The Qianhai Shenzhen-Hong Kong Youth Innovation and Entrepreneur Hub (E Hub) has attracted a growing number of young entrepreneurs from mainland China and Hong Kong who want to pursue their startup dreams.
It offers tax breaks and other subsidies for innovative companies to set up their offices in its 40,000 square meter zone.
While E Hub promises all-around support for technology newbies, there are apparently still many things it can do to make the lives of tenants easier and more productive.
One company has spent two months trying to complete all the business registration procedures. Unless it goes through all those requirements, it cannot do any hiring and start operation.
Asked why it hasn’t sought help from E Hub, the company said using the center’s support service is “not cheap at all”. The same service could be had outside — cheaper and possibly better.
There are also funny and annoying rules. Take air-conditioning charges. Instead of charging by usage, tenants have to pay a fixed amount whether they use it or not.
Basic office infrastructure like WiFi can be quite unstable. “If you want better connection, you have to arrange for the service yourself,” the company said.
Now, these may all seem petty cash matters, but E Hub is targeting young companies, some of which have not even started to earn a revenue, let alone profit. Cutting expenses down to the bone and making every dollar count matter a lot.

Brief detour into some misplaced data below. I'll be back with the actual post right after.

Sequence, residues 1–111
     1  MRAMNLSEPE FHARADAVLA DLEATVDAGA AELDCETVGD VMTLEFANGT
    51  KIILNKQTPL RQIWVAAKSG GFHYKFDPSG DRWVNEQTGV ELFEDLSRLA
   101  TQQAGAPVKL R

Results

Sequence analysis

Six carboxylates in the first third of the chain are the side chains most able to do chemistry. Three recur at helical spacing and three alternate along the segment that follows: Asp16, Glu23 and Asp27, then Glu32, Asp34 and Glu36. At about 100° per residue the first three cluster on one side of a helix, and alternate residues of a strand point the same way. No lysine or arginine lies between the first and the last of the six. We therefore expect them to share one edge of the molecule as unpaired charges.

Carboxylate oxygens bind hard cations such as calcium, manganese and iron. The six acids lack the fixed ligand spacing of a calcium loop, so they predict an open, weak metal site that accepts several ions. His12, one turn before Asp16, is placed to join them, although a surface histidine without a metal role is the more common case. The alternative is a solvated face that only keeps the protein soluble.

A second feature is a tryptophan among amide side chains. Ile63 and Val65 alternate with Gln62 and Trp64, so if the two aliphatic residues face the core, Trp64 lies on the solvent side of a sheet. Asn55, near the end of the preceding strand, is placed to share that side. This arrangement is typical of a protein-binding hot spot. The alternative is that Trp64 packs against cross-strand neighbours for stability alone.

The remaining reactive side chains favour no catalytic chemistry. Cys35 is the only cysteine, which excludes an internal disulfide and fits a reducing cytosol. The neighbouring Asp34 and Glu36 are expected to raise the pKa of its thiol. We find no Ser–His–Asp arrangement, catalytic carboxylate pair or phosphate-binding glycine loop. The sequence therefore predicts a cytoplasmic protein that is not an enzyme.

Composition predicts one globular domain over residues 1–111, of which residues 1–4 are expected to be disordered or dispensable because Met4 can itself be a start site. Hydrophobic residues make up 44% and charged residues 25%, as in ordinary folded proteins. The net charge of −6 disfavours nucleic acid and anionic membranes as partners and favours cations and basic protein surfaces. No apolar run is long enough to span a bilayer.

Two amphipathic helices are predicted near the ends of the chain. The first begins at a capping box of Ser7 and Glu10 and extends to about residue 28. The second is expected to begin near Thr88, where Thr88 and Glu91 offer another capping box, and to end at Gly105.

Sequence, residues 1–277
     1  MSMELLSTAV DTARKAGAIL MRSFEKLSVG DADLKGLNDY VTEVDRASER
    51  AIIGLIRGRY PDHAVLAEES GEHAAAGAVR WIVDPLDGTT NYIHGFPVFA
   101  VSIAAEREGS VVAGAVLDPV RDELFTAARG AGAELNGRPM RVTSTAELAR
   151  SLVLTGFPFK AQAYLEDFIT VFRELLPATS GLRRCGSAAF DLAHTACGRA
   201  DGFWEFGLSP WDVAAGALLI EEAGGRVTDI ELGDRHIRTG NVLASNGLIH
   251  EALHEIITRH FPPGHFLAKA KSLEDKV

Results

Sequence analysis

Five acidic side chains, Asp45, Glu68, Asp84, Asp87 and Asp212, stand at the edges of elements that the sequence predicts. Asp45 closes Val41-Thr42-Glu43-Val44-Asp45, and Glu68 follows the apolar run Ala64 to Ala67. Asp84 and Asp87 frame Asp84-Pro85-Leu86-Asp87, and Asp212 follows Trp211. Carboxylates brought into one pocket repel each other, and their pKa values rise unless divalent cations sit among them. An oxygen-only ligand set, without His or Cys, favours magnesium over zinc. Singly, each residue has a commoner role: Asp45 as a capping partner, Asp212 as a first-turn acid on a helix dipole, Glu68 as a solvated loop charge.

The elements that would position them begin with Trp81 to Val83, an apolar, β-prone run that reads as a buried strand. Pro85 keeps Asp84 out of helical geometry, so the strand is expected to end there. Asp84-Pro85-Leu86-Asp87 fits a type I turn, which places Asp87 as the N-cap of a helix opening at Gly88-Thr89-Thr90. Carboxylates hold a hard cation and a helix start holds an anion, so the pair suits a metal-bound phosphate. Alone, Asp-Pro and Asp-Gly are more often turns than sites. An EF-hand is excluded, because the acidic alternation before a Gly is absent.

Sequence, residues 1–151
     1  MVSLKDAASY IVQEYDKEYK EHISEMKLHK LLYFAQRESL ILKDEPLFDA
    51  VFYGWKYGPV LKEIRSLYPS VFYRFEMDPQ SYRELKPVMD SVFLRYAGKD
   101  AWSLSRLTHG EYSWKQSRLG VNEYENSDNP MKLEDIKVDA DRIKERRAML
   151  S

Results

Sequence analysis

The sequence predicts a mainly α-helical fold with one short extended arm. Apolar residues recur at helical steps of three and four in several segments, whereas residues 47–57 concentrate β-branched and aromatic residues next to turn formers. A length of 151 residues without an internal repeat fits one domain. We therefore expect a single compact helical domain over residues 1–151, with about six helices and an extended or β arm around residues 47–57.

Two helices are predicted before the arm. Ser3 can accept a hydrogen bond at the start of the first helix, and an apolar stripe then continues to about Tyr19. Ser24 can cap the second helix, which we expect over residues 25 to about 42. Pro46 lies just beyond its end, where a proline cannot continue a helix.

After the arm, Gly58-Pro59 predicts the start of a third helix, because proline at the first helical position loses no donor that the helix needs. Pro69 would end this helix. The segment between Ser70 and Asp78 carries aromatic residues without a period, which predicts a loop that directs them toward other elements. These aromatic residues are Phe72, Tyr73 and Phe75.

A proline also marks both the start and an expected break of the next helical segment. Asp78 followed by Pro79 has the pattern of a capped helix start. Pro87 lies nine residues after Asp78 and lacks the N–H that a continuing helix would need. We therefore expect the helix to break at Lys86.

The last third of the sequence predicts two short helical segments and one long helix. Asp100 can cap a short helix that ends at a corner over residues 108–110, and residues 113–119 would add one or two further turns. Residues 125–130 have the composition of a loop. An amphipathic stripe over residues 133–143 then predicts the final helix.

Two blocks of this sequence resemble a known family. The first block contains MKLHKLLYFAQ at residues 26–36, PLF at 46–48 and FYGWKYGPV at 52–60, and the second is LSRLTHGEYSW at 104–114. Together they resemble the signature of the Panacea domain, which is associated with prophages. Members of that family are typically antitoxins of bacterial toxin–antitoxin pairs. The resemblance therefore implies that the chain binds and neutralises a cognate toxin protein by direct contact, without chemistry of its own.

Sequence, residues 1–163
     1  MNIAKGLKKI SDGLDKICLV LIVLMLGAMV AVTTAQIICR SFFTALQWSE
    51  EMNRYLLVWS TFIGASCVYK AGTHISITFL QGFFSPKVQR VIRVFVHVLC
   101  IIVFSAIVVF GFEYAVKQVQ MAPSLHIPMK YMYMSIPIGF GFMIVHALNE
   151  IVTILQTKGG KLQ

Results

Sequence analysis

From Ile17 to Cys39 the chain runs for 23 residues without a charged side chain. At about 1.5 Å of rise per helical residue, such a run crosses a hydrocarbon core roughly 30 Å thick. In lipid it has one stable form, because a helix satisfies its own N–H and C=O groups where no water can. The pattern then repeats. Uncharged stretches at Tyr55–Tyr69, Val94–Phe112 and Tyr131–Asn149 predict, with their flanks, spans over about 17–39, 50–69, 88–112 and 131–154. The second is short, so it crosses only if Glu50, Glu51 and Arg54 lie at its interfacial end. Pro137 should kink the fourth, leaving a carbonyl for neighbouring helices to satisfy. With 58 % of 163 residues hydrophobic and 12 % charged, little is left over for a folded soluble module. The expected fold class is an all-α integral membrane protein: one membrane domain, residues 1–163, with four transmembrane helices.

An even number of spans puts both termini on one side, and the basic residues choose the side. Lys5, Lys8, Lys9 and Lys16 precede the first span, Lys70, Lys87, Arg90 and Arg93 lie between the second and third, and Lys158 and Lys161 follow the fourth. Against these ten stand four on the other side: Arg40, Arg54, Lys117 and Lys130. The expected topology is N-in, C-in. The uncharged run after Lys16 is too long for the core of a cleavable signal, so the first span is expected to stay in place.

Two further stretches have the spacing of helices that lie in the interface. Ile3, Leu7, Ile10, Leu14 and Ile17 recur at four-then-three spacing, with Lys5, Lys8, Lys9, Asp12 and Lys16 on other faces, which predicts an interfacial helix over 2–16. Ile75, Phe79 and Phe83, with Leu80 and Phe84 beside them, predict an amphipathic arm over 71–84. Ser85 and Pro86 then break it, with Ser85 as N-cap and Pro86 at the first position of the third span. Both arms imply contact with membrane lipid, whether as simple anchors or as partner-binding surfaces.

E Hub is rent-free for the first year and offers 50 percent discount for the second year. While that sounds generous enough, some startups think it can be better.
“Ask many startups, they would probably tell you the embarrassing experience of not being able to pay wages at some point during the first two years,” another startup owner said.
Very often, if there is no business for one or two months, startups will encounter cash flow problems.
“Let’s say you need one year to create your product. But that is just step one. It might take at least another year to market the product and find customers,” the second startup owner continued.
“If the rent-free period can be extended to two years, that will help a lot.”
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